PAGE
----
Friday Favourites: Fantasy Games

By Ranvinder Singh

Posted on August 5, 2016 in Friday Favourites with tags Games

Fantasy has spawned countless board games and video games. Countless boards, dice, maps, pens, notes and cards have been broken, scratched, and lost in playing fantasy roleplaying games. Numberless are the number of cartridges, cassettes, CD’s and lines of that have carried a fantasy-inspired game. They’ve made that difficult, often degrading transition from the pages to other medium, and in the process have defied the norm and created some the most stunning and downright fun videogames and board games.

Here are some of our favourites, courtesy of all those lost dice, CDs and hours:

 

The Pillars of the Earth: The Board Game The Pillars of the Earth

Ken Follett has sold 150 million copies of his novels, and one of his most outstanding works is all about…the building of a cathedral. Yes, that’s right, a cathedral. The whole book, one cathedral. Nevertheless, it’s a masterpiece, and much better than the previous sentence makes it sound. Charming, witty, and with an atmosphere that isn’t really seen nowadays with the prevalence of grimdark fantasy, it gave birth to a board game in 2006.

That board game, despite being about building a cathedral, is excellent. All about building resources and workers and producing raw materials, it normally takes around two hours to complete, and all the while you’ll be wondering how you’re having so much fun building a church. That has to be some kind of sin, right?

Anyway, it really does capture the novel’s tone well, with having to strike a balance between earning money and making materials, and while a bit of a strange choice, it’s a great fantasy board game.

 

The Witcher : The Wild Hunt

© CD Projekt Red/ Namcai Bando Games

© CD Projekt Red/ Namcai Bando Games

Based on the world and characters first created by Polish author Andrzej Sapkowski, The Witcher 3 is, obviously the third game in the series from the new darling of the industry, CD Projekt Red. What isn’t obvious on first glance however, is the brilliance with which the open-world game has been made. From amazing visuals (don’t even talk to me about E3 downgrades, it still looks gorgeous) to amazing attention to detail (seriously go watch a video) and great gameplay, you’ll be floored.

What really pulls you in though, what really pulls you in and hooks you and keeps you sitting there – drooling in the early hours because it’s now 4am and you’re still playing – is the story. Faithful to the original novels and with input from the author himself, the story has been praised for being one of the best ever created. Take that faithfulness, dedication to details, and combine that with interesting characters and a beautiful world, and you get…well you get lost to be honest, it’s one of the first games to really approach a novel in terms of immersion. Enjoy. 

 

Game of Thrones – The Board Game (2nd edition)

Game of Thrones Board Game

The less said about the 2012 videogame from Cyanide the better (no really, forget it existed), however the board game needs its own herald to shout it’s arrival whenever it’s brought out. Set in Westeros, the board game allows you to gather up to six friends (who may be suddenly less than friendly after the game ends) and take control of the great Houses, warring and scheming against each other.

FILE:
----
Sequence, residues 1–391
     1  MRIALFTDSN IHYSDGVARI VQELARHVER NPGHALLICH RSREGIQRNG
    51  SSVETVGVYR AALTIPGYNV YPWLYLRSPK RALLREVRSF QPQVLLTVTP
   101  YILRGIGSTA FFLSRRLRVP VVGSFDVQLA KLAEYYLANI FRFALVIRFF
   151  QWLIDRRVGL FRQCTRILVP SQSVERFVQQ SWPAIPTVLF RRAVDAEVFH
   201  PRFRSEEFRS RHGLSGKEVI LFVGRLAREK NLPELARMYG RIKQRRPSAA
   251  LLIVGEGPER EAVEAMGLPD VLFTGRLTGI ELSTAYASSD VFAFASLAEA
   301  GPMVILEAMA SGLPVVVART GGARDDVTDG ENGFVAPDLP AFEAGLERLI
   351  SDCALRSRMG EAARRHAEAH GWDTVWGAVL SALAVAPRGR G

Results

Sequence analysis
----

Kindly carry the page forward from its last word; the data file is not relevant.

The best thing about it is how faithfully it recreates the politics of the Iron Throne in your living room, with alliances being created and demolished in subsequent turns, people turning against each other for the pettiest amount of land, and friend backstabbing friend only to realise that the Wildling threat is still looming. It’s a little difficult to pick up, but once you do you’ll realise it’s as close as you can get to the politics and warmongering of Westeros.

 

Dark Souls / Bloodborne DarkSoulsII

If you like pain, sweat and tears in your videogames, the Dark-Borne duo of games are for you. Hidetaka Miyazaki, the brainchild and director behind the games, grew up extremely poor and unable to understand most of the Western fantasy he was reading. So, decades later when he had the chance to make his own fantasy universe, the results are a bizarre, Lovecraftian, gothic imagining that is brutal in its gameplay. Brutal. Get used to the word, and make it a bed-mate, because there’s no way to get away from the brutality in these games. One wrong swing against the wrong enemy, one misstep, any you’re finished. Most of the world is trying to kill you, and most of the world is grim, dark, and full of terrors.

Most of those terrors are larger than you, more powerful than you, and so constant learning is required. Learning the ins and outs of the mechanics, the world, and your enemies (along with how not to die so often), is the name of the game (well not literally), and this is what makes the game so brilliant. You fail, you learn, fail, learn, and in time you come back with enough skills to triumph and kick that giant wolf with a sword in its mouth’s arse – is that not the essence of fantasy distilled?

 

The Elder Scrolls V: Skyrim

Skyrim

This choice isn’t exactly from left-field. Before The Witcher 3, Bethesda held the crown for open-world fantasy RPGs, and Skyrim was the latest and best of them. Set in the cold northern province of Skyrim, you choose your character from a wide range of races and types, create your character and then roleplay. You can forget the main story – it really isn’t the best or nuanced or, to be frank, that original, but the world itself bends to your will. I prefer The Witcher (can you tell?) but Skyrim still holds its charms, and the fact that several years later the modding scene is still active shows how beloved it is of fantasy fans too.

 

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